Private Joseph McGuire arrived in France 14 April 1915[14] and survived this baptism of fire but was killed in action 3 months later, 14 July 1915.[15] The 151st Brigade occupied trenches to the south of Ypres opposite Messines Ridge and in front of Kemmel Hill.  Enemy shelling and sniping were constant threats but then there was the underground war.  The Germans blew a mine under a sector of trenches immediately to the north and very close to the battalion’s position.  In total 5 men were buried and despite rescue attempts, all were dead when their bodies were uncovered. [16]  Private J. McGuire and 4 other men were killed in action that day.  The others were:

  • 2080 Corporal J. Barker
  • 1682 Private C. Harris
  • 2092 Private G McLeay
  • 2662 Private N. Towler

All of whom enlisted at Chopwell, County Durham [17] and all of whom have no known graves and are commemorated on the Ypres (Menin Gate) Memorial. [18]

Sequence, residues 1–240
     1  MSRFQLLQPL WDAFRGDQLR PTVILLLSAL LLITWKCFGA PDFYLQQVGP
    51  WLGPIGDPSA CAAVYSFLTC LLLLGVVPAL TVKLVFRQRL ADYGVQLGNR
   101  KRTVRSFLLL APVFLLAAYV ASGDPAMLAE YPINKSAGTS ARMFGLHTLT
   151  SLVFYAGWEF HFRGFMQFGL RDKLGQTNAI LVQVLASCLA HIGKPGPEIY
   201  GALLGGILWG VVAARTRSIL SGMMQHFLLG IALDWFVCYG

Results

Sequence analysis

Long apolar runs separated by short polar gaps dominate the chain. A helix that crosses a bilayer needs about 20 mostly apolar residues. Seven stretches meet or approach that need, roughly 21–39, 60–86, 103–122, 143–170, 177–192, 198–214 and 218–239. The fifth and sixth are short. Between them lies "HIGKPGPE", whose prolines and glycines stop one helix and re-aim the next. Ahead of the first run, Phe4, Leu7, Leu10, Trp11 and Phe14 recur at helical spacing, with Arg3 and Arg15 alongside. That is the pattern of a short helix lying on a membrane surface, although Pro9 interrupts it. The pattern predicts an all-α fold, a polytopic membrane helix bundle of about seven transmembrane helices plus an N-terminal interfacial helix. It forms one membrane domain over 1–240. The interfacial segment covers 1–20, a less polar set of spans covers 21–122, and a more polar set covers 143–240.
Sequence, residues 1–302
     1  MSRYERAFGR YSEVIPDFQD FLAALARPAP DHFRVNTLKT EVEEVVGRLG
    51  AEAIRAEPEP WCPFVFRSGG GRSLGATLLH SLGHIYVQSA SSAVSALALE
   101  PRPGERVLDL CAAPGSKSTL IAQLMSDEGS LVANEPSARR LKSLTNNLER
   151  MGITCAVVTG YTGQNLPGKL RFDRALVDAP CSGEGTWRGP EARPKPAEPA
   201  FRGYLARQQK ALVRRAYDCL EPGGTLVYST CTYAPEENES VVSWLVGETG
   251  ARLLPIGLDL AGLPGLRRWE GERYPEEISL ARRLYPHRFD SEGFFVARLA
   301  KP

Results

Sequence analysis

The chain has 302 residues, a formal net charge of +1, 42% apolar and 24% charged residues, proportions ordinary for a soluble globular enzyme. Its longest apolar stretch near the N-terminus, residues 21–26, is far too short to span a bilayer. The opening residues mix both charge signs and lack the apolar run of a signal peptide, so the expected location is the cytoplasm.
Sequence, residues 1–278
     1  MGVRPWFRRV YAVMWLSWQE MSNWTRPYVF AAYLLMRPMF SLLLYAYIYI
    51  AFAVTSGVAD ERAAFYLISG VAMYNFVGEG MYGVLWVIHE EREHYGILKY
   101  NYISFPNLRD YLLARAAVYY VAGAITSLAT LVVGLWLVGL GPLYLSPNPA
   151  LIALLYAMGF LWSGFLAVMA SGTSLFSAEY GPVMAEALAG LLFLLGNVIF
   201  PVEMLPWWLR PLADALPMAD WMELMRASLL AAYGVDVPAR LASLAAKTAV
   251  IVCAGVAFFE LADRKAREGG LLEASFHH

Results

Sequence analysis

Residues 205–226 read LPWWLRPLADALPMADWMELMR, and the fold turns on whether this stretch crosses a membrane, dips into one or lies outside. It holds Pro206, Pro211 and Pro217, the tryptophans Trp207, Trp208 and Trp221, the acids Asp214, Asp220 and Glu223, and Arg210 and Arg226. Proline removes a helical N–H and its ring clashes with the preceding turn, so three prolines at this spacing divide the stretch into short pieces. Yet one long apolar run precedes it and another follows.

Private J. McGuire was awarded the 1914-15 Star, the British War and Victory medals.[19]


The Ypres (Menin Gate) Memorial bears the names of more than 50,000 officers and men who were killed prior to 16 August 1917 and whose graves are unknown  It was unveiled 24 July 1927. [20]


[1] Commonwealth War Graves Commission

[2] Soldiers Died in the Great War

[3] 1891 census

[4] 1891 census

[5] 1901 census

[6] 1901 census

[7] England & Wales BMD Death index 1837-1915 Auckland Vol 10a p139

[8] England & Wales BMD marriage index 1837-1915 Lanchester Vol 10a p647

[9] 1911 census

[10] 1911 census

[11] Commonwealth War Graves Commission and 1911 census


[13] &

[14] Medal Roll card index

[15] Commonwealth War Graves Commission

[16] “The Gateshead Gurkhas: a history of the 9th Battalion, the Durham Light Infantry 1859-1967” H. Moses (2001) p.28

[17] Soldiers Died in the Great War

[18] Commonwealth War Graves Commission

[19] Medal Roll card index

[20] Commonwealth War Graves Commission


McGuire J Medal Roll

McGuire J. Menin Gate Memorial Ypres

One thought on “McQuire J

  1. Pingback: ST.HELEN’S AUCKLAND | The Fallen Servicemen of Southwest County Durham